SC reiterates that mere Government Inefficiency Not A Ground For Delay Condonation

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The Supreme Court has reiterated that mere government inefficiency cannot be a ground for condoning the delay.

While dismissing the Special Leave Petition filed by the State of Odisha on the ground of delay, the bench comprising Justice Sanjay Kishan Kaul and Justice KM Joseph observed that it is for the state to ‘put its own house in order’.

The Government, in this SLP, had assailed a High Court order that discharged a public servant from a corruption case.

The court said that the delay has not been satisfactorily explained in terms of the judgment of Supreme Court in the case of Post Master General v. Living Media India Ltd. & Anr. In the said judgment, the Court had observed that the law of limitation undoubtedly binds everybody including the Government. he claims on account of impersonal machinery and inherited bureaucratic methodology of making several notes cannot be accepted in view of the modern technologies being used and available, it had said. It was further observed:

It is the right time to inform all the government bodies, their agencies and instrumentalities that unless they have reasonable and acceptable explanation for the delay and there was bonafide effort, there is no need to accept the usual explanation that the file was kept pending for several months/years due to considerable degree of procedural red-tape in the process. The government departments are under a special obligation to ensure that they perform their duties with diligence and commitment. Condonation of delay is an exception and should not be used as an anticipated benefit for government departments. The law shelters everyone under the same light and should not be swirled for the benefit of a few. Considering the fact that there was no proper explanation offered by the Department for the delay except mentioning of various dates, according to us, the Department has miserably failed to give any acceptable and cogent reasons sufficient to condone such a huge delay.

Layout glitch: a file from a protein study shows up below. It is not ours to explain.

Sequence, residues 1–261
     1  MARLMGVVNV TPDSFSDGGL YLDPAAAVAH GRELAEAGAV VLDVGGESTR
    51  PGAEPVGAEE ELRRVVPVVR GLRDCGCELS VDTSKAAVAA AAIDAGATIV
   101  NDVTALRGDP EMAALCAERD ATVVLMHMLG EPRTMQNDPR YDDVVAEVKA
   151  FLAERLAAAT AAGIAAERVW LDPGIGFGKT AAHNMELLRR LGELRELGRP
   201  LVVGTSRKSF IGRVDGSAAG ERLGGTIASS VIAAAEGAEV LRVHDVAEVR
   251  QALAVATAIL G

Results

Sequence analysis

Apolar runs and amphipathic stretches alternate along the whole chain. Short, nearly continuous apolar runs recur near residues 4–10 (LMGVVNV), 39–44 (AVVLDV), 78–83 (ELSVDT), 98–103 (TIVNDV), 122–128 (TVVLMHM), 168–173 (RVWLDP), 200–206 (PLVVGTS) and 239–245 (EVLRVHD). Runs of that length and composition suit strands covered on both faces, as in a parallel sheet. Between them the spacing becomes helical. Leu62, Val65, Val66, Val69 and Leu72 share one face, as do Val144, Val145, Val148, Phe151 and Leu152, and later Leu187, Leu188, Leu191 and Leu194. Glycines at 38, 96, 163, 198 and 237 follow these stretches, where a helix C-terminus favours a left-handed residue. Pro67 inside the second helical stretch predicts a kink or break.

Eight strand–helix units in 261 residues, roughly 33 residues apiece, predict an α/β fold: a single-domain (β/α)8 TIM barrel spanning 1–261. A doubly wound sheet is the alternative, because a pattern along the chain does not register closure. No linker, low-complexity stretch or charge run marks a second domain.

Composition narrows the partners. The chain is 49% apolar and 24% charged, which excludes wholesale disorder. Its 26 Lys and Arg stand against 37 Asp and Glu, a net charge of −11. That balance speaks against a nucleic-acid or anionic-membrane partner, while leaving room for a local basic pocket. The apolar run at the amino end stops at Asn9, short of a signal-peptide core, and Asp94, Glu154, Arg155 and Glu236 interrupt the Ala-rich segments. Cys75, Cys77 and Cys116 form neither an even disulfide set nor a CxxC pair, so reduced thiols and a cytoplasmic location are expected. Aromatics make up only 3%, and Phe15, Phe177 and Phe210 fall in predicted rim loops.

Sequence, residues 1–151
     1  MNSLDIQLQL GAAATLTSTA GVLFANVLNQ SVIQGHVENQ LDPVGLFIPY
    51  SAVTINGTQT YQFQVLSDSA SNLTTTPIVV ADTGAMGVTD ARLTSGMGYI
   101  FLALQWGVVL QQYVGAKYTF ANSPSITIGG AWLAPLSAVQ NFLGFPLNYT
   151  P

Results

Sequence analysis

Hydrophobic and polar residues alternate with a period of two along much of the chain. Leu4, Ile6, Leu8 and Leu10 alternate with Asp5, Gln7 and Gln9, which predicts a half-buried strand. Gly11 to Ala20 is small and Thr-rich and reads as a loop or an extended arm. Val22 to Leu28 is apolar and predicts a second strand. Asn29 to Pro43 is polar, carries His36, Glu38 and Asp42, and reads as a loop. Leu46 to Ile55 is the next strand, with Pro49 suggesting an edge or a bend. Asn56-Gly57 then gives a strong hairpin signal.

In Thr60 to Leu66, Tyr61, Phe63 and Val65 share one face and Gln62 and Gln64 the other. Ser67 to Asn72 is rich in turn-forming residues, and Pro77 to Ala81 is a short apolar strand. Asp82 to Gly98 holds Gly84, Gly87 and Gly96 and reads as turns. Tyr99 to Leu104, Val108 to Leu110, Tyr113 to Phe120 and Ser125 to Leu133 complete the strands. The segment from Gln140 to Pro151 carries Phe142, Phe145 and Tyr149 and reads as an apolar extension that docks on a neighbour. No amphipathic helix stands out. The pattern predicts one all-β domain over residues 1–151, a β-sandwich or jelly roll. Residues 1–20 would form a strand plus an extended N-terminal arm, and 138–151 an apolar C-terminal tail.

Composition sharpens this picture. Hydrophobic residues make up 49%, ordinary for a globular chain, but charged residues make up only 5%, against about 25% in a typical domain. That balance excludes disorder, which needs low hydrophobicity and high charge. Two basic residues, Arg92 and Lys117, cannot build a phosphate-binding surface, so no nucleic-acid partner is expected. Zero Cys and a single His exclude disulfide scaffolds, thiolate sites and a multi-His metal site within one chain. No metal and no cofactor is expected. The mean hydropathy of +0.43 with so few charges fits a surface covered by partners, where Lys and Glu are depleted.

It is true that Government should not be treated as any other private litigant as, indeed, in the case of the former the decisions to present and prosecute appeals are not individual but are institutional decisions necessarily bogged down by the proverbial red-tape. But there are limits to this also. Even with all this latitude, the explanation offered for the delay in this case merely serves to aggravate the attitude of indifference of the Revenue in protecting its common interests.